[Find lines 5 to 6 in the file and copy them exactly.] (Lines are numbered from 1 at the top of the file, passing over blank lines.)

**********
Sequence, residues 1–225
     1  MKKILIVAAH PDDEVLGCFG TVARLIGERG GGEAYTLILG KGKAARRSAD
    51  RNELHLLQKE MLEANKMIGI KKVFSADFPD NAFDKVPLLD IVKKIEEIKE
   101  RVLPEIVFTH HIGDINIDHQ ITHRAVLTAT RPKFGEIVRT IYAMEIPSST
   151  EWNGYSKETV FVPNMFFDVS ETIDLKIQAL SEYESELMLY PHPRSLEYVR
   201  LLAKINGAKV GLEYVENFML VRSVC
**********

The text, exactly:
   151  EWNGYSKETV FVPNMFFDVS ETIDLKIQAL SEYESELMLY PHPRSLEYVR
   201  LLAKINGAKV GLEYVENFML VRSVC